and be financially self-sufficient. Therefore, the government is introducing an Opportunities Fund of $30 million a year over three years
to promote the development of strategies to reduce barriers to
participation. The Fund will assist these Canadians in integrating
into the economic life of their communities and increasing their
independence.
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BUILDING THE FUTURE: INVESTING IN A STRONGER SOCIETY
The Fund’s primary objective will be to generate innovative
projects that demonstrate best practices that can be shared across
the country. The federal government will build on strong partnerships already in place with disability groups and the private sector
to provide opportunities for persons with disabilities within a
results-based accountability framework. These projects will be
developed by the partners in conjunction with the provincial
governments and the appropriate authorities in each province.
What is learned from the projects supported by the Fund will assist
all levels of government and the private sector to apply new knowledge in programming for persons with disabilities. During its third
year, the activities of the Fund will be evaluated in order to
determine future directions and federal involvement.
The federal government will continue to work with groups representing persons with disabilities to ensure the effectiveness of its
assistance to disabled persons.
Support for Charitable Giving
Millions of Canadians participate in the improvement of their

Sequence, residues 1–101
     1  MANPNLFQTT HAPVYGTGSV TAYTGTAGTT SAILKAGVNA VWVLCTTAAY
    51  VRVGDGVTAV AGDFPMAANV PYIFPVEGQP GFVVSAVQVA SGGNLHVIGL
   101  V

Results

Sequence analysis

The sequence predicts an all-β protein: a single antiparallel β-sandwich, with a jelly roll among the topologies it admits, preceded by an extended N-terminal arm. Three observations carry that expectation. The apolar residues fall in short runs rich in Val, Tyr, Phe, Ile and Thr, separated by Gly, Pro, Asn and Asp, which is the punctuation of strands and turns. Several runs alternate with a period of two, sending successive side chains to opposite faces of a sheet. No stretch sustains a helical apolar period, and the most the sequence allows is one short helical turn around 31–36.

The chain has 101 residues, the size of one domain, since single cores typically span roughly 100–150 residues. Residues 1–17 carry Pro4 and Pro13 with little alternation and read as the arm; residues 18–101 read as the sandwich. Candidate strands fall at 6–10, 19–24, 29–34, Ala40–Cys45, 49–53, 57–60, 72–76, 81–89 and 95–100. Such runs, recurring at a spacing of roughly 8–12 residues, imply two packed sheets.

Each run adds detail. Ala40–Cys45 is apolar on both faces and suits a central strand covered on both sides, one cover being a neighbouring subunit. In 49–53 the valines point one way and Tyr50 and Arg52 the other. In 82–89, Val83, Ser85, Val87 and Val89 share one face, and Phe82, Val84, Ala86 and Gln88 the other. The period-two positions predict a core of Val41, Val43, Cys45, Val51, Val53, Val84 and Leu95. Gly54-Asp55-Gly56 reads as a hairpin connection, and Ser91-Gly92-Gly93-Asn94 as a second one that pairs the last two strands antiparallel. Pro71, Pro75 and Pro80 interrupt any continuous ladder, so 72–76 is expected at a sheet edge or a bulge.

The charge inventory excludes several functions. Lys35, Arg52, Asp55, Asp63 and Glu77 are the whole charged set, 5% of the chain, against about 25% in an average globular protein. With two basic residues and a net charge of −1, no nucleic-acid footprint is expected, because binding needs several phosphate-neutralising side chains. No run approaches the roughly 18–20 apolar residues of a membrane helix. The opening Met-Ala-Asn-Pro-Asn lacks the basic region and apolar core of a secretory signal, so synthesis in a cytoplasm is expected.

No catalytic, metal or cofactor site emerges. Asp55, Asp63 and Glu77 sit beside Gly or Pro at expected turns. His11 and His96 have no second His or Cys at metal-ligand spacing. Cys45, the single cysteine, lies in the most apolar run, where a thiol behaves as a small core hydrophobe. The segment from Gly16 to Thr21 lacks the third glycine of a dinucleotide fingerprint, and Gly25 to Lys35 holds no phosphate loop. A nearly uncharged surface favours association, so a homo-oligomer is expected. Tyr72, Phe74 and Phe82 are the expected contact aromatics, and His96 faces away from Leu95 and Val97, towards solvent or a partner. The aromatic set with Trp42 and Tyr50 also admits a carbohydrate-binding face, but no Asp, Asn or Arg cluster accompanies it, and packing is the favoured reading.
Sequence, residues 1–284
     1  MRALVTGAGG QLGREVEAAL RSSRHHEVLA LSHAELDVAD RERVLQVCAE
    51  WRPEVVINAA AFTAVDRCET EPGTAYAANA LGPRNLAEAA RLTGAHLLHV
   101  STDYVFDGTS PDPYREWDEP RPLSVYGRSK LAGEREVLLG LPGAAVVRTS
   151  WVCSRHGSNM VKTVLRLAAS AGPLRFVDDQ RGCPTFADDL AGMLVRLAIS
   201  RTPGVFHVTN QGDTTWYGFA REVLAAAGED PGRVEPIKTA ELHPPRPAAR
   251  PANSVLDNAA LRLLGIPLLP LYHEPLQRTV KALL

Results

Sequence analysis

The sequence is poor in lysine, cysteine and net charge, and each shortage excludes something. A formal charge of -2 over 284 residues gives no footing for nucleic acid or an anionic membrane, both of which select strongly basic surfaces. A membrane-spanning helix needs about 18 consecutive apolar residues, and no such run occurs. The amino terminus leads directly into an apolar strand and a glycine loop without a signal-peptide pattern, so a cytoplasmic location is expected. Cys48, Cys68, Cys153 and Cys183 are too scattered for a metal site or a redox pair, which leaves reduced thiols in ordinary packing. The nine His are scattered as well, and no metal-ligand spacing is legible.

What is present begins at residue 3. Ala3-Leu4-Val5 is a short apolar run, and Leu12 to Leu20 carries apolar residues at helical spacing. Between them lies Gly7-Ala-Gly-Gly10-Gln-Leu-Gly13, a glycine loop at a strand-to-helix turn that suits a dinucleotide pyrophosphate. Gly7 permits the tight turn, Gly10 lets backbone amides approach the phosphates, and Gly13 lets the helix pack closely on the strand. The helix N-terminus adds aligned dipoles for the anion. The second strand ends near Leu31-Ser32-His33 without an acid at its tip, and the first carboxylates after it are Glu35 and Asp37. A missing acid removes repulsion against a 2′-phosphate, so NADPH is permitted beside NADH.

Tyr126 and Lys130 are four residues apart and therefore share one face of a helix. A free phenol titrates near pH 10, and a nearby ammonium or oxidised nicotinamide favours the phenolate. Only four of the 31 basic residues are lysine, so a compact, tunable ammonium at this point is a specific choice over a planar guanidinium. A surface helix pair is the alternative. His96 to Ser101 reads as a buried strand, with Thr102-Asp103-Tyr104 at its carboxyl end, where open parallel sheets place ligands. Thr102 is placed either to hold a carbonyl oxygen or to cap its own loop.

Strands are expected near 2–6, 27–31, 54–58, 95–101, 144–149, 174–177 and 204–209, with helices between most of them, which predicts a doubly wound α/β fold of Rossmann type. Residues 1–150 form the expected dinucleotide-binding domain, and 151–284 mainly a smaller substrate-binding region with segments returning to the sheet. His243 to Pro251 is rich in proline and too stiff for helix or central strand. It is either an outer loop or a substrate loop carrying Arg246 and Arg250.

communities through volunteer work and charitable donations. In
this regard, the government fully recognizes the increasingly important role the charitable sector is playing in meeting the needs of
Canadians. It is thus important to ensure that charities are able to
raise sufficient funds to finance their activities.
To support this, generous incentives are provided in the tax
system. Corporate donors are allowed to deduct charitable gifts up
to the applicable net income limit in calculating their taxable
income, producing federal and provincial tax assistance of up to
43 per cent of the value of the donation.
For individual donors, a federal tax credit at the rate of
17 per cent is provided on the first $200 of donations each year. A
federal tax credit of 29 per cent is available for the portion of donations exceeding $200 up to the applicable net income limit. The
federal tax credit also reduces surtaxes and provincial taxes, which
typically bring tax assistance to a maximum of 52 per cent of the
value of the donation (as shown in Table 5.1). In other words, there
is roughly a 50/50 partnership between the donor and governments.
111
BUDGET PLAN
Table 5.1
Maximum tax assistance for donations by individuals
Per cent
Federal charitable donations tax credit
Impact on federal surtaxes
29
2
Typical impact on provincial taxes and surtaxes
21
Total tax assistance
52
The government has taken steps in each of the last three budgets
to make it easier for Canadians to contribute to charities. These
measures have particularly helped charities attract donations from
modest-income donors. For example, the threshold for the higher
29-per-cent credit was lowered from $250 to $200, and the amount
of donations eligible for the credit was increased significantly.
The 1996 budget also indicated that more could be done.
Following a thorough review of a number of proposals for improving tax assistance and consultations with the charitable sector, the
government is proposing further enhancements to assist the
charitable sector in raising funds.
Increased tax incentives for charitable giving
This budget proposes further measures to help all charities attract
donations from modest-income Canadians. The government
proposes to adopt a common limit of 75 per cent of net income for
donations to all charities by individuals and corporations for the
1997 and subsequent taxation years – raising the limit for most
charities from 50 per cent, and lowering the limit for donations to
the Crown and Crown foundations from 100 per cent. With this
proposal, all charities would be able to attract donations on a level
playing field, as donors giving to different charities would receive